Volume 1, Number 1—January 1995
Factors in the Emergence of Infectious Diseases
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- Ecological Changes and Agricultural Development
- Changes in Human Demographics and Behavior
- International Travel and Commerce
- Technology and Industry
- Microbial Adaptation and Change
- Breakdown of Public Health Measures and Deficiencies in Public Health Infrastructure
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- This Journal and the "Perspectives" Section
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|EID||Morse SS. Factors in the Emergence of Infectious Diseases. Emerg Infect Dis. 1995;1(1):7-15. https://dx.doi.org/10.3201/eid0101.950102|
|AMA||Morse SS. Factors in the Emergence of Infectious Diseases. Emerging Infectious Diseases. 1995;1(1):7-15. doi:10.3201/eid0101.950102.|
|APA||Morse, S. S. (1995). Factors in the Emergence of Infectious Diseases. Emerging Infectious Diseases, 1(1), 7-15. https://dx.doi.org/10.3201/eid0101.950102.|
"Emerging" infectious diseases can be defined as infections that have newly appeared in a population or have existed but are rapidly increasing in incidence or geographic range. Among recent examples are HIV/AIDS, hantavirus pulmonary syndrome, Lyme disease, and hemolytic uremic syndrome (a foodborne infection caused by certain strains of Escherichia coli). Specific factors precipitating disease emergence can be identified in virtually all cases. These include ecological, environmental, or demographic factors that place people at increased contact with a previously unfamiliar microbe or its natural host or promote dissemination. These factors are increasing in prevalence; this increase, together with the ongoing evolution of viral and microbial variants and selection for drug resistance, suggests that infections will continue to emerge and probably increase and emphasizes the urgent need for effective surveillance and control. Dr. David Satcher's article and this overview inaugurate Perspectives, a regular section in this journal intended to present and develop unifying concepts and strategies for considering emerging infections and their underlying factors. The editors welcome, as contributions to the Perspectives section, overviews, syntheses, and case studies that shed light on how and why infections emerge, and how they may be anticipated and prevented.
Infectious diseases emerging throughout history have included some of the most feared plagues of the past. New infections continue to emerge today, while many of the old plagues are with us still. These are global problems (William Foege, former CDC director now at the Carter Center, terms them global infectious disease threats). As demonstrated by influenza epidemics, under suitable circumstances, a new infection first appearing anywhere in the world could traverse entire continents within days or weeks.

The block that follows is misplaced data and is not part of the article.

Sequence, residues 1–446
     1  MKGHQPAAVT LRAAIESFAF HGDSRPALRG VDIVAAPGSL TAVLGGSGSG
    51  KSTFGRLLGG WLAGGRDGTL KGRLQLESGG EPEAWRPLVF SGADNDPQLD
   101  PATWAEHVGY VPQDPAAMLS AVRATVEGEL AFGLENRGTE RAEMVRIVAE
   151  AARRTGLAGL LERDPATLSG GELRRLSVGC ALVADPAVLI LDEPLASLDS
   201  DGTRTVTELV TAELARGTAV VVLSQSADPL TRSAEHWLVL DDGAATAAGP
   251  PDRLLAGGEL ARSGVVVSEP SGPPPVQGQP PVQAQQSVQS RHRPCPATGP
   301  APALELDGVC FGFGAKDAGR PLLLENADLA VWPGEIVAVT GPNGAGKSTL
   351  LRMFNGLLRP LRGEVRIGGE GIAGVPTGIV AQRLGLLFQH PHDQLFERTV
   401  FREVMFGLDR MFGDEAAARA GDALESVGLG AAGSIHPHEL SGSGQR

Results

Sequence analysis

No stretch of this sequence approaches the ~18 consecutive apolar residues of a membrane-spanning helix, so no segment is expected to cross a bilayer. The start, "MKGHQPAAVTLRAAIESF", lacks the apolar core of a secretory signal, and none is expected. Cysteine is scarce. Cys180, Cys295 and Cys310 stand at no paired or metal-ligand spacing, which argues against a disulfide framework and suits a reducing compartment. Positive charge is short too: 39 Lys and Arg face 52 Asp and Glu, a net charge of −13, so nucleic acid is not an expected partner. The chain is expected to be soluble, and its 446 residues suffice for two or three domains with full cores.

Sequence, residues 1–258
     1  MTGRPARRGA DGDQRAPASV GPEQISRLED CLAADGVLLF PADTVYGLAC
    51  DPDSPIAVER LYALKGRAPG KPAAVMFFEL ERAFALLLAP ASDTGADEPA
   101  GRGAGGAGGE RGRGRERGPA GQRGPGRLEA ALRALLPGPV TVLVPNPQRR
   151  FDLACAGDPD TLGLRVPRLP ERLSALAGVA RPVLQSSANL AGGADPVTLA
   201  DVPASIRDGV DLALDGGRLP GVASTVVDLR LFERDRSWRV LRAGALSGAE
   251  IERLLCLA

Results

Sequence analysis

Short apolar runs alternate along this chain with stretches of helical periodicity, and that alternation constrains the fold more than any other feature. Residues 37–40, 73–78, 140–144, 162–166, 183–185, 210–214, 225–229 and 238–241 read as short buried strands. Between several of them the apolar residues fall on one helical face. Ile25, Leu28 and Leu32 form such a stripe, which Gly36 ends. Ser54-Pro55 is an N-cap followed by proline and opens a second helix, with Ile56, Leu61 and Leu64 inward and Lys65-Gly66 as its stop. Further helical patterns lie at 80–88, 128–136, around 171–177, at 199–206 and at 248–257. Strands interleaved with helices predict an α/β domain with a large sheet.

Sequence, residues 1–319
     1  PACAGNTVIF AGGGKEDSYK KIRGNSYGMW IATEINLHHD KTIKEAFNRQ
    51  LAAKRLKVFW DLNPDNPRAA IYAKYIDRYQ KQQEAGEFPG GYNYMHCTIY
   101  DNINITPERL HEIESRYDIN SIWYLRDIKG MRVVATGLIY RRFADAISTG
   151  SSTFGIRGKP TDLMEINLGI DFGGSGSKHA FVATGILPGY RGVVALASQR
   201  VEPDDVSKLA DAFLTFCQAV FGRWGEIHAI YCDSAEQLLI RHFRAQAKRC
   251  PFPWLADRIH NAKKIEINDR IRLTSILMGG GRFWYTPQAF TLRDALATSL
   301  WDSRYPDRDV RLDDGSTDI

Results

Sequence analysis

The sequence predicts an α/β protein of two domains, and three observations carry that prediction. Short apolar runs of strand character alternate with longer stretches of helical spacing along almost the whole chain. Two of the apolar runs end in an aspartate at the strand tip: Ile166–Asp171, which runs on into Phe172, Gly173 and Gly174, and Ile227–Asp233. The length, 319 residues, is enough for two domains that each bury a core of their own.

We can define as emerging infections that have newly appeared in the population, or have existed but are rapidly increasing in incidence or geographic range (1,2). Recent examples of emerging diseases in various parts of the world include HIV/AIDS; classic cholera in South America and Africa; cholera due to Vibrio cholerae O139; Rift Valley fever; hantavirus pulmonary syndrome; Lyme disease; and hemolytic uremic syndrome, a foodborne infection caused by certain strains of Escherichia coli (in the United States, serotype O157:H7).
Although these occurrences may appear inexplicable, rarely if ever do emerging infections appear without reason. Specific factors responsible for disease emergence can be identified in virtually all cases studied (2-4). Table 1 summarizes the known causes for a number of infections that have emerged recently. I have suggested that infectious disease emergence can be viewed operationally as a two-step process: 1) Introduction of the agent into a new host population (whether the pathogen originated in the environment, possibly in another species, or as a variant of an existing human infection), followed by 2) establishment and further dissemination within the new host population ( adoption ) (4). Whatever its origin, the infection emerges when it reaches a new population. Factors that promote one or both of these steps will, therefore, tend to precipitate disease emergence. Most emerging infections, and even antibiotic-resistant strains of common bacterial pathogens, usually originate in one geographic location and then disseminate to new places (5).
Regarding the introduction step, the numerous examples of infections originating as zoonoses (7,8) suggest that the zoonotic pool introductions of infections from other species is an important and potentially rich source of emerging diseases; periodic discoveries of new zoonoses suggest that the zoonotic pool appears by no means exhausted. Once introduced, an infection might then be disseminated through other factors, although rapid course and high mortality combined with low transmissibility are often limiting. However, even if a zoonotic agent is not able to spread readily from person to person and establish itself, other factors (e.g., nosocomial infection) might transmit the infection. Additionally, if the reservoir host or vector becomes more widely disseminated, the microbe can appear in new places. Bubonic plague transmitted by rodent fleas and ratborne hantavirus infections are examples.